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The Age of Innocence by Edith Wharton

The Age of Innocence (1920)

by Edith Wharton

Other authors: See the other authors section.

MembersReviewsPopularityAverage ratingConversations / Mentions
10,718244392 (4.02)5 / 999
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    The American by Henry James (2below)
    2below: Similar plot and themes--both deal with the issue of being an outsider. I find James' prose a bit more vigorous than Wharton's.
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    TineOliver: Both look at love and marriage in the upper classes of New York society (however, at different time periods)
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    kitzyl: Man engaged to conventional society finds himself attracted to an outcast who challenges the rigidity and hypocrisy of the era.
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1920s (6)

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English (233)  Spanish (4)  Italian (2)  French (2)  Dutch (1)  Portuguese (Portugal) (1)  All languages (243)
Showing 1-5 of 233 (next | show all)
This was lovely, just what I needed. Edith Wharton’s writing is witty yet intricate, full of observation, introspection. She conveys the throes of unfulfilled love choked by society’s expectation with so much compassion that one can feel the pain and internal turmoil of her characters. She also draws a snarky portrait of the end of the nineteenth century New York society, its expectations, hypocrisy, conventionality. Some of her dialogue is downright funny and made me smile several times throughout the book.

The writing was so superb that I almost did not care for the plot, of which there was not much, just enough to carry the anguish of the wasted lives of its protagonists shackled by conventions.

The narration by Lorna Raver was lovely. ( )
  Gezemice | Mar 8, 2019 |
I have to be honest, and say that I didn't think I was going to enjoy this one very much. Many years ago I saw a film adaptation, which I didn't like at all, which I admit put me off reading the book for some time.

But I have it a go (audible version read by David Horovitch), and surprisingly enough I found myself rather charmed by it.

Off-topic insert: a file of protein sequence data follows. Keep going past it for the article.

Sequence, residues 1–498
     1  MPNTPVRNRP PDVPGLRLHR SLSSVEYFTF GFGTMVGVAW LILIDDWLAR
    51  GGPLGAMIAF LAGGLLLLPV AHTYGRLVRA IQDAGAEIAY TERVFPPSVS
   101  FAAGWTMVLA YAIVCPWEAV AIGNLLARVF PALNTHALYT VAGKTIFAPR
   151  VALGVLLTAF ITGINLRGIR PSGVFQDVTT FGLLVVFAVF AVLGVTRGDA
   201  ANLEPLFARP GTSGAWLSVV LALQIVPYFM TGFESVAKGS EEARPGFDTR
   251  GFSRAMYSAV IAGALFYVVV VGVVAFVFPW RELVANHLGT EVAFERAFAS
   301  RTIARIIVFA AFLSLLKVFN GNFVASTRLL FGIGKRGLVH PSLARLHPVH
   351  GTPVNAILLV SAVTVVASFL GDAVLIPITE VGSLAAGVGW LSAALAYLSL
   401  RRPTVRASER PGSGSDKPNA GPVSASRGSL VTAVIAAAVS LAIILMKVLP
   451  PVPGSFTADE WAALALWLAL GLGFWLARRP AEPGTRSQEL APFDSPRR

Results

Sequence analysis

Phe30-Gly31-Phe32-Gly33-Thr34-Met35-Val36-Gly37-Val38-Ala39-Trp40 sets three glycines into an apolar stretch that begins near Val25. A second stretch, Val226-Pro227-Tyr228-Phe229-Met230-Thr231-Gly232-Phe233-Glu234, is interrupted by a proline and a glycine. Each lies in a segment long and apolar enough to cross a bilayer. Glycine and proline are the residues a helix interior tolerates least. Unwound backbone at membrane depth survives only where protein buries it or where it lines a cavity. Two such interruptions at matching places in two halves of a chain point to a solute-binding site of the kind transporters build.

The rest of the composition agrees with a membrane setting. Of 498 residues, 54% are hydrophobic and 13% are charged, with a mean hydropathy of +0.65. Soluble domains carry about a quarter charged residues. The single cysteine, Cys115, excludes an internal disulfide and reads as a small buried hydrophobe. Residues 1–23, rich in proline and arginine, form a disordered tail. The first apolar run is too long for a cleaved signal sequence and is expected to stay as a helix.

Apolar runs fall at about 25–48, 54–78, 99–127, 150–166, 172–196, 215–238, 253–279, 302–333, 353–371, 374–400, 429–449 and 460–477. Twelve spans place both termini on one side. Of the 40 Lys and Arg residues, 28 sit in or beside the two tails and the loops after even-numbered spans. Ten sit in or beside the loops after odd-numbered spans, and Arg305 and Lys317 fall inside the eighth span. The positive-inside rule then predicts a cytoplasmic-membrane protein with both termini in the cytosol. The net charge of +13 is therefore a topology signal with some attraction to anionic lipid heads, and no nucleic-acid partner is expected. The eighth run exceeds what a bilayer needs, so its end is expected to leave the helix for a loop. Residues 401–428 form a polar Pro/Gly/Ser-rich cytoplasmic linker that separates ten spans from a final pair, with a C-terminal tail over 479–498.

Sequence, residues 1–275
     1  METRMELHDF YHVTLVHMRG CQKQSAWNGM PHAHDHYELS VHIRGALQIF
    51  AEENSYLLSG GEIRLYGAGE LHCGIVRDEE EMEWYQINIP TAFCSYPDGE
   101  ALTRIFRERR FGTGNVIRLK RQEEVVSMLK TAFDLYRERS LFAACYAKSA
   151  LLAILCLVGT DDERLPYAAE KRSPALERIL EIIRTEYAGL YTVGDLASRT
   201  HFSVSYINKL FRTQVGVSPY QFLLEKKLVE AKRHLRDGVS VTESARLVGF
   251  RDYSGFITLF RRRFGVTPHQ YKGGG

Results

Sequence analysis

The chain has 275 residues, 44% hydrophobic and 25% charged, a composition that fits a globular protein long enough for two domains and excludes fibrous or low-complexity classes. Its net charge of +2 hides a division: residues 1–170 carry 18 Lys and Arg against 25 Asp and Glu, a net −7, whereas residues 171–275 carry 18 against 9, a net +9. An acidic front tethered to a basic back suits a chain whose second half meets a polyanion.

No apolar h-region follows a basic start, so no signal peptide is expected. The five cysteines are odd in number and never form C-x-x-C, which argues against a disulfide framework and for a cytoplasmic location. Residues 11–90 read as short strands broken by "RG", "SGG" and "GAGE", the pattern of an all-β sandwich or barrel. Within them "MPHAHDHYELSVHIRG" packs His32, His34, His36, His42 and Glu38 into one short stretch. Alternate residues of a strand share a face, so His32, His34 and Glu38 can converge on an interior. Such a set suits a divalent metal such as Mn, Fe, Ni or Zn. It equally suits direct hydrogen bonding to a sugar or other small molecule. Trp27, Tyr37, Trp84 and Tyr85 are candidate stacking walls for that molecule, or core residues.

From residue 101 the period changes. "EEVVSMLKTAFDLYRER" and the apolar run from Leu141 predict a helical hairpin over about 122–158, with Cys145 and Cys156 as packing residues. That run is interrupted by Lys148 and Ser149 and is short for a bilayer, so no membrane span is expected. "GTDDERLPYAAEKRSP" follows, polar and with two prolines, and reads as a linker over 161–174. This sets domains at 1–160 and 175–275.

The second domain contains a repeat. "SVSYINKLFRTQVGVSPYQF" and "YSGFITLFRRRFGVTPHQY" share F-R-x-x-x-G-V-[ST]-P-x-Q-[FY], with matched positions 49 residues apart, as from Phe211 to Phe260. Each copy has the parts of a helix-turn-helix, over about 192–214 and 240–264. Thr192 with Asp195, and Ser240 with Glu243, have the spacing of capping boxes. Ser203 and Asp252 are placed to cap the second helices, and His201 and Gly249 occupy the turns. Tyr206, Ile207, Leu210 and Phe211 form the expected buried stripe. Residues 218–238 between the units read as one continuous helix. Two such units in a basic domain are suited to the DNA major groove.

It won't make any of my favourites lists, but The story and characters were interesting enough for a good 3 1/2 stars. The writing is actually very good! ( )
  Sammystarbuck | Feb 23, 2019 |
One can see why it is a classic bestseller because it has been rattling around in my mind so deeply. The story is well constructed and the writing has been proven by the test of time. But, oh, so depressing, so barren, so painfully staid. These issues are still so prevalent the book is timeless. A must read for any thoughtful person, IMHO. ( )
  DonaldPowell | Feb 5, 2019 |
The age of individualism has not yet dawned when Newland Archer, a young man from a good New Yorker family, has to make the age-old choice between an untamed true love and a marriage that fits into all the traditions he grew up and believes in.
A remarkable story about love, duty, sacrifice and the power that society, its morals and traditons have over the lives of people, especially if they don't fit seamlessly into the fold. The excesses of these conventions often seems absurd to modern readers, the introspective voice of this narrative sometimes borders on melodrama, but especially as I read (listened to) it right after Pride and Prejudice, the difference how both books handle this overarching theme left a deep impression on me. Where P&P takes it with a lot of humour, optimism and exaggerating ridicule, the tone here is decidedly melancholic, introspective and much more subdued. ( )
  DeusXMachina | Jan 11, 2019 |
The Age of Innocence by Edith Wharton; (4 1/2*)

This a book about living your life in respect to appearances. And in 'old' New York it was ALL about appearances. There is a sameness within all marriages, a sameness between the ladies as well as the gentlemen, a sameness in what time the lights go on in the evenings and the time the curtains are pulled.
This could have been a very boring book but it was not at all. In point of fact, I found it to be fascinating. The main character is in love with the young lady that he eventually proposes to, but comes to realize that with her, their marriage will have that boring sameness to it of all the others, that she will be just like all of the other wives which will make him just like all of the other husbands. He meets another young lady who rather than being brought up in old New York was brought up in Europe and finds that she is quite different. She is married to a man whom she has left in Europe due to the very unhappy circumstances in the way he treated her. He becomes fascinated with this woman and even his fiancee tells him that if he should want something different, that she would not want to stand in his way. But...............times being as they were, there are certain standards to be met no matter the happiness or sadness involved.
I enjoyed this Wharton tremendously and have found her to be a wonderful author. I highly recommend the book and have given it 4 1/2 stars. ( )
6 vote rainpebble | Jan 3, 2019 |
Showing 1-5 of 233 (next | show all)

» Add other authors (92 possible)